November 26, 1997

Gastric Hypochlorhydria and Achlorhydria in Older Adults-Reply

Author Affiliations

University of Kansas Medical Center Kansas City

JAMA. 1997;278(20):1659-1660. doi:10.1001/jama.1997.03550200035023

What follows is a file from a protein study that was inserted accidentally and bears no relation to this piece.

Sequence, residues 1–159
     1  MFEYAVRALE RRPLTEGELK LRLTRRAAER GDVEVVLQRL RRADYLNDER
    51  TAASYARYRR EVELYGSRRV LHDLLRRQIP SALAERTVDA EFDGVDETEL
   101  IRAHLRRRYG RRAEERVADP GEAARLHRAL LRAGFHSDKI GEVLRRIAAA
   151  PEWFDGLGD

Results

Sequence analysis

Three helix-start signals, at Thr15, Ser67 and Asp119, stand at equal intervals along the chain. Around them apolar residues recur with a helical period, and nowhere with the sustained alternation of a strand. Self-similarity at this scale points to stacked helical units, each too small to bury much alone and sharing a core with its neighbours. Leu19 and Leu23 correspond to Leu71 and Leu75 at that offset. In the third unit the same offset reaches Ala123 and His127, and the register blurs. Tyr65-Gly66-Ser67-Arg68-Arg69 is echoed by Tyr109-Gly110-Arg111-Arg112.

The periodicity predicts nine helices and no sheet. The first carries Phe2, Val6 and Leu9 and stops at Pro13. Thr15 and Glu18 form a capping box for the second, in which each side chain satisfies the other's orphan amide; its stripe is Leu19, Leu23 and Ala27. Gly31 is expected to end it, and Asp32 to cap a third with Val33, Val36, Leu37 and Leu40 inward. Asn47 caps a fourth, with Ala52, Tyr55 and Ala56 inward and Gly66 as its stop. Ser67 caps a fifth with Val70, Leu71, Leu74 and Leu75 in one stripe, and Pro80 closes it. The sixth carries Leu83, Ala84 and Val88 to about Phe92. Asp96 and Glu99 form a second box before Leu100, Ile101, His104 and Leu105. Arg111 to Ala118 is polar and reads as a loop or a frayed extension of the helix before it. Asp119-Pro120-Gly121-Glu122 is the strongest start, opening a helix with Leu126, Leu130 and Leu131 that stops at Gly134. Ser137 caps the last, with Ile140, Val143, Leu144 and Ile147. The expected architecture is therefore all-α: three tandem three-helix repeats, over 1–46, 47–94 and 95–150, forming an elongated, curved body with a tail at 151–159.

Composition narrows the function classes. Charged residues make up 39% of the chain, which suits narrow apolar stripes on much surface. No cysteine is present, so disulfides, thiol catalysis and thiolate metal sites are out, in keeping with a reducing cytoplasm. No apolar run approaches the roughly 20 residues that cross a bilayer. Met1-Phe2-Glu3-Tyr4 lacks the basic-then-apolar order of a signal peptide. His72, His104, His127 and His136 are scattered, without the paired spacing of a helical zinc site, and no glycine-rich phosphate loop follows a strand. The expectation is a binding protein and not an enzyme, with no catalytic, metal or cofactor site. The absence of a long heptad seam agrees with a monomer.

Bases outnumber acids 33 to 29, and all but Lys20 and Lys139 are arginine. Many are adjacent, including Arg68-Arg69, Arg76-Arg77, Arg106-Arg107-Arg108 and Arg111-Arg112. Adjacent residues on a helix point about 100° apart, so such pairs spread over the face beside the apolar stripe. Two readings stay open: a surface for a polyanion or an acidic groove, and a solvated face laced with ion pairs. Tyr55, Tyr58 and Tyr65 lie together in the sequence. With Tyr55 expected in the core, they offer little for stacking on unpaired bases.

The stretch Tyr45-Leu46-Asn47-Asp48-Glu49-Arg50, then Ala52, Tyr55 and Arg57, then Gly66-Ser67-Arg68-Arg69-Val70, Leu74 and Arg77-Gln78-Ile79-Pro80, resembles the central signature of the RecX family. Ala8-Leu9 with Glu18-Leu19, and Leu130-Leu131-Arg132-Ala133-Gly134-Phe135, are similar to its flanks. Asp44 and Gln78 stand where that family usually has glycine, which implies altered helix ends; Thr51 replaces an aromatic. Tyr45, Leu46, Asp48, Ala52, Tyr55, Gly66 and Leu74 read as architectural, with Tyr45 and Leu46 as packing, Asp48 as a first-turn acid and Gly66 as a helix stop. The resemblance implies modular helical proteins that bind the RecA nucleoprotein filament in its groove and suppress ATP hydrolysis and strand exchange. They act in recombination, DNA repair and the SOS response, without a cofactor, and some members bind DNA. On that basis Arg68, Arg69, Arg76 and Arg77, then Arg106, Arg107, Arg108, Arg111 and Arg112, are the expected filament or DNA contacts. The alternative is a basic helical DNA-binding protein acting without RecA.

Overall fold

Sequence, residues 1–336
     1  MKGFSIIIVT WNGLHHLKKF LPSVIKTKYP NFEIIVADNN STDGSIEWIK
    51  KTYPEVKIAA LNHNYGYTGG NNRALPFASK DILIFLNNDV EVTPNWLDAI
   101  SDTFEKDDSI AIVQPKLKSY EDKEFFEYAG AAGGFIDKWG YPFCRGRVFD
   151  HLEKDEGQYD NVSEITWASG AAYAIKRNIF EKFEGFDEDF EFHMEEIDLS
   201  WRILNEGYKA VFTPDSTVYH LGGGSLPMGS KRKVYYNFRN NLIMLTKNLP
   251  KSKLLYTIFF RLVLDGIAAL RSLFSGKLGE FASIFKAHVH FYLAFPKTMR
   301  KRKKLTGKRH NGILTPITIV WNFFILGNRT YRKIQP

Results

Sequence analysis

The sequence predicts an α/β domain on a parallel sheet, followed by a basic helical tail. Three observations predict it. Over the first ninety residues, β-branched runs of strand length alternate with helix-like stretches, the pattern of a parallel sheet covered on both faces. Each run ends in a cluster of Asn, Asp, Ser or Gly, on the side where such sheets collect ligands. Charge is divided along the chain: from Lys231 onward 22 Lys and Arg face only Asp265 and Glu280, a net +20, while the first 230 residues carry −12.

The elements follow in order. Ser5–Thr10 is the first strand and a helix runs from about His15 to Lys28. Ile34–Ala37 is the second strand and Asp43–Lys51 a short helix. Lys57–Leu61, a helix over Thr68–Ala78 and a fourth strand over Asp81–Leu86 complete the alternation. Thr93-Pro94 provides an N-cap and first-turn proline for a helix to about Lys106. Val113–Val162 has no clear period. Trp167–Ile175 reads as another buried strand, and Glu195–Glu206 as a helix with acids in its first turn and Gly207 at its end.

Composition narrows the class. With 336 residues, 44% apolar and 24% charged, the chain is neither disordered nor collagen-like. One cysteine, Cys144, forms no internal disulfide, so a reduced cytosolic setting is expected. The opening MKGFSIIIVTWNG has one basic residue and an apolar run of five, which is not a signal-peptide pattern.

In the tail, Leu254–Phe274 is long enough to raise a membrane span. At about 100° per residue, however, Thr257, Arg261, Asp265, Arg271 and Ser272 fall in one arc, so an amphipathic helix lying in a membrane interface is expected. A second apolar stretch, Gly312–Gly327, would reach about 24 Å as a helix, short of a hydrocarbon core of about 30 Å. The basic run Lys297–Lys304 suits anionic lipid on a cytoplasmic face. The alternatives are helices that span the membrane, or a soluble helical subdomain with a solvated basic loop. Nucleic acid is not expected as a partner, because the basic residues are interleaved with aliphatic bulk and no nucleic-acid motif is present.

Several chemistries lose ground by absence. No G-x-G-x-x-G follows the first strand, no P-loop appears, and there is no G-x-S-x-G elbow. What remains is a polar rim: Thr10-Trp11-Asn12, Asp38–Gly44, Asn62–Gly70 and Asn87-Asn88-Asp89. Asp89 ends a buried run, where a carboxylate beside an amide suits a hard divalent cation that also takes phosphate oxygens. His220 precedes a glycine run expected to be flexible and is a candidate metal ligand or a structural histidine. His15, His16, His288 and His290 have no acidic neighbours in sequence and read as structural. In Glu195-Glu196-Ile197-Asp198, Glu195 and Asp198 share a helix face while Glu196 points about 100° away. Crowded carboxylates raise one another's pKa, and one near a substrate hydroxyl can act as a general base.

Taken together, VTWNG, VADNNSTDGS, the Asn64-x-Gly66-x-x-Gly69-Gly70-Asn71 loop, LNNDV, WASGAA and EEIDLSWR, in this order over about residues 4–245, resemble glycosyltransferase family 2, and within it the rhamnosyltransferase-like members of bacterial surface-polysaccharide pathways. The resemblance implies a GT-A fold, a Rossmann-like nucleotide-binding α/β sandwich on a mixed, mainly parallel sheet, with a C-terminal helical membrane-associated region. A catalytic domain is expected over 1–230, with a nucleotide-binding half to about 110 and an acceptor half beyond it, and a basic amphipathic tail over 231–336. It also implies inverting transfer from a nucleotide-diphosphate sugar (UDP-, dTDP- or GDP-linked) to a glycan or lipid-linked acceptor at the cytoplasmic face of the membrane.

The studies by Dr Russell and colleagues have added to our appreciation that achlorhydria, resulting from either omeprazole administration or atrophic gastritis, can cause malabsorption of protein-bound vitamin B12.1 Though we did not determine absorption or levels of vitamin B12, we do not share his view that our data show one third of elderly Americans to be at risk of malabsorption of food-bound vitamin B12. Six (2%) of our 248 subjects were receiving vitamin B12 injections, 4 of whom had low basal acidity by the resin test (urine quinine <90 pg in 2 hours) and severe atrophic gastritis (serum pepsinogen [PG] I <20 pg/L). In the other 2 subjects, both parameters were normal. Twenty-two (9%) of 243 elderly subjects had PG I/PG II ratios less than 2.9, indicating atrophic gastritis. None was anemic. Those who had severe atrophic gastritis (PG I ≤20 pg/L) (n=11) also